For Meng Shan, a 48-year-old urban management worker in the Chinese city of Nanchang, retirement can’t come soon enough.
Mr. Meng, who is the equivalent of a low-level, unarmed law-enforcement official, often has to chase down unlicensed street vendors, a task he finds physically and emotionally taxing. Pay is low. Retirement, even on a meager government pension, would finally offer a break.
So Mr. Meng was dismayed when the Chinese government said it would raise the mandatory retirement age, which is currently 60 for men. He wondered how much longer his body could handle the work, and whether his employer would dump him before he became eligible for a pension.
“To tell the truth,” he said of the government’s announcement, “this is extremely unfriendly to us low-level workers.”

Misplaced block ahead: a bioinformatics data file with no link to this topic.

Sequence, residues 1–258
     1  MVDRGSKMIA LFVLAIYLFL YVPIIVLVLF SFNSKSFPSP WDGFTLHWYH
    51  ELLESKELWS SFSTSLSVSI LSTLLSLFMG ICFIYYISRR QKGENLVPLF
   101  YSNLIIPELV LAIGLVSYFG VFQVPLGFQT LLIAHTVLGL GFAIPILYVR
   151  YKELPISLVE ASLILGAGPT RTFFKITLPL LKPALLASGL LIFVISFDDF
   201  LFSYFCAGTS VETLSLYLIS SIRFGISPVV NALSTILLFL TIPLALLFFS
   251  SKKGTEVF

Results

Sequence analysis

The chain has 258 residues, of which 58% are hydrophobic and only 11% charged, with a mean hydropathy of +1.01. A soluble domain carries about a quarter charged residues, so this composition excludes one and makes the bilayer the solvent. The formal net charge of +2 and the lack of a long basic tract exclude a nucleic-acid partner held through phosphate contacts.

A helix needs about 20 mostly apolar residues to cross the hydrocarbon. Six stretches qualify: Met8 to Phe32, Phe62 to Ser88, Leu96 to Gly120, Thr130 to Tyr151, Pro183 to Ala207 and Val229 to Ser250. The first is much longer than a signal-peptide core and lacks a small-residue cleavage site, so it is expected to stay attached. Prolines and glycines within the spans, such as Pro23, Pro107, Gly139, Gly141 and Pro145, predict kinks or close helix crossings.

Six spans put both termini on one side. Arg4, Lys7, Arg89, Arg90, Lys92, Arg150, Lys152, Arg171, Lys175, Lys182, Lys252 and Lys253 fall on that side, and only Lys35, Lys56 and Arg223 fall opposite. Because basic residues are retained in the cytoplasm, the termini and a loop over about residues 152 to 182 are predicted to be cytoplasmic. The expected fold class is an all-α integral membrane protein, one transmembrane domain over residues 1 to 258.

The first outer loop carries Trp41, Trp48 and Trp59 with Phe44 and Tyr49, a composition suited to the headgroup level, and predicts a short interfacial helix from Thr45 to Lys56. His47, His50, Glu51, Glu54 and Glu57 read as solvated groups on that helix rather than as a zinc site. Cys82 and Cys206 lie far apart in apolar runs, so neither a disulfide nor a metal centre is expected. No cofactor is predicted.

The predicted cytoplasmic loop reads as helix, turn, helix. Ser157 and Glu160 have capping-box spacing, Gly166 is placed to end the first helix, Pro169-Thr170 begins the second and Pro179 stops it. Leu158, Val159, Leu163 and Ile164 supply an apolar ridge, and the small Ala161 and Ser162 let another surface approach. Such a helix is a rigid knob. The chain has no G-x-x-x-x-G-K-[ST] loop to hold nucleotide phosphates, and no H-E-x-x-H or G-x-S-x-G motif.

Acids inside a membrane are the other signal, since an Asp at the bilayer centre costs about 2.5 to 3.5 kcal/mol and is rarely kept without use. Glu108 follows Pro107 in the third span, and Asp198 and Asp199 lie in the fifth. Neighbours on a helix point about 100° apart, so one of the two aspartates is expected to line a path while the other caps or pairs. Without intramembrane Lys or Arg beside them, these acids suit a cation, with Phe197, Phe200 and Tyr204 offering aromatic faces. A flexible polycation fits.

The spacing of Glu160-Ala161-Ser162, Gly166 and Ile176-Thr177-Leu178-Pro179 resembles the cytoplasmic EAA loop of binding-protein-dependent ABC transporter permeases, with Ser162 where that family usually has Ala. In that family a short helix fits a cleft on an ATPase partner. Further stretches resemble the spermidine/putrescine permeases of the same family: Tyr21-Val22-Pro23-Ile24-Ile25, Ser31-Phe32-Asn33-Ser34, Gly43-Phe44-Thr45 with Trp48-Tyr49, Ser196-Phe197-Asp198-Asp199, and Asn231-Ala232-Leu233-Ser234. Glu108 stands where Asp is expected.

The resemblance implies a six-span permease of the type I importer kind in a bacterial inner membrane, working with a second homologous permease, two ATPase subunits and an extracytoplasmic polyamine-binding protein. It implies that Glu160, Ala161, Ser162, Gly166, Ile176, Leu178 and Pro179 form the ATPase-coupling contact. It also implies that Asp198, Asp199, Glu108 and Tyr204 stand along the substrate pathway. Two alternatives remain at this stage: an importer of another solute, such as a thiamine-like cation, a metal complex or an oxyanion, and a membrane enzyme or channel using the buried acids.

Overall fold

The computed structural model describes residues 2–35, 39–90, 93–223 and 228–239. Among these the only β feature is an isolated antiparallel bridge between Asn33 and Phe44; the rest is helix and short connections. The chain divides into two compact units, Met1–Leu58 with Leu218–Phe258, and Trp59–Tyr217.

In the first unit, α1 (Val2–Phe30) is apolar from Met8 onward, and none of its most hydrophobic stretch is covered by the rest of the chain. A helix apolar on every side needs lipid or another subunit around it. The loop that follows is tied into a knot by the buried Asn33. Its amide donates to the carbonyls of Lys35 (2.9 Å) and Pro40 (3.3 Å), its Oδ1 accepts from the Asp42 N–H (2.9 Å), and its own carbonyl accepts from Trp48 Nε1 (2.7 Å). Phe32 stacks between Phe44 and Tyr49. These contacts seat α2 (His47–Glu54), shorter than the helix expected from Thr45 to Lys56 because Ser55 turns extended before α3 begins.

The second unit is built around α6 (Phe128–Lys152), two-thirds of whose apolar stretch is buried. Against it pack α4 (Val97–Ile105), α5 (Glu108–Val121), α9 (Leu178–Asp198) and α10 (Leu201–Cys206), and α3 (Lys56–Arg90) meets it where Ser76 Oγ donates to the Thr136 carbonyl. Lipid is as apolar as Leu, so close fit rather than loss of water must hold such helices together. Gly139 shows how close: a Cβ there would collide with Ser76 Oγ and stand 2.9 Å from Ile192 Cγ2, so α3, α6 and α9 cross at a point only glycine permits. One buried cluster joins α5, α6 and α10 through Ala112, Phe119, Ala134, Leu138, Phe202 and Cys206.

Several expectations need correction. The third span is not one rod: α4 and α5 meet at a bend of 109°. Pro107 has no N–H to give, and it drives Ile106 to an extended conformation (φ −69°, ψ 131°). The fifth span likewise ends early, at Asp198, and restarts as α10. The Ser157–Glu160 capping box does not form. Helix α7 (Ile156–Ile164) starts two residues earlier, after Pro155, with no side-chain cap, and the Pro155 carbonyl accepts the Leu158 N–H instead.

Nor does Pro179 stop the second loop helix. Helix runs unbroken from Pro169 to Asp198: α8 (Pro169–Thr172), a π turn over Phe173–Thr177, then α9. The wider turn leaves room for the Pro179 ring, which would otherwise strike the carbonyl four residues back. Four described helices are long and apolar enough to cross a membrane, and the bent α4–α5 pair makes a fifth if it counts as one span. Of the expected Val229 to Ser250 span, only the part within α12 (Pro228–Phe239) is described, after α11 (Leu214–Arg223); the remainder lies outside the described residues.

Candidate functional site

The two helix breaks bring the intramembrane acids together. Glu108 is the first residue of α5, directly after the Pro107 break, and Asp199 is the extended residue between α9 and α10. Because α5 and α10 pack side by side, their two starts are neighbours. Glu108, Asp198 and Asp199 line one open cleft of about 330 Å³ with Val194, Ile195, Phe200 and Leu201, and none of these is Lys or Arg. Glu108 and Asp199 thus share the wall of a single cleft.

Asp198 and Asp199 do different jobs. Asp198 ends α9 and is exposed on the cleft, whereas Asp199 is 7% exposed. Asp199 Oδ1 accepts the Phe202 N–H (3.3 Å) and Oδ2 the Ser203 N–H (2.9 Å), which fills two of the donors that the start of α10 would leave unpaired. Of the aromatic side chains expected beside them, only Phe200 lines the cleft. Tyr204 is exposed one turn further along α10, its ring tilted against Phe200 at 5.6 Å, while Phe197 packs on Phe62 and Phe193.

granted concessions, a rare move for him.
shelve the proposal.
The Chinese government itself abandoned a previous effort to raise retirement ages in 2015, in the face of a similar outcry.
This time, it seems determined to follow through. But it has also acknowledged the backlash. Officials appear to be treading gingerly, leaving the details vague for now but suggesting that the threshold would be raised by just a few months each year.
“They’ve been talking about it for a long time,” said Albert Francis Park, an economics professor at the Hong Kong University of Science and Technology who has studied China’s retirement system. “They’ll have to really exercise quite a bit of resolve to push it through.”
China has been hurtling toward a retirement age crisis for years. The current standards were set in the 1950s, when the average citizen was expected to live until only his or her early 40s.
But as the country has swiftly modernized, life expectancy has reached nearly 77 years, according to World Bank data. Birthrates have also plummeted, leaving China’s population distinctly top-heavy. More than 300 million people, about one-fifth of the population, are expected to be over 60 by 2025, according to the government.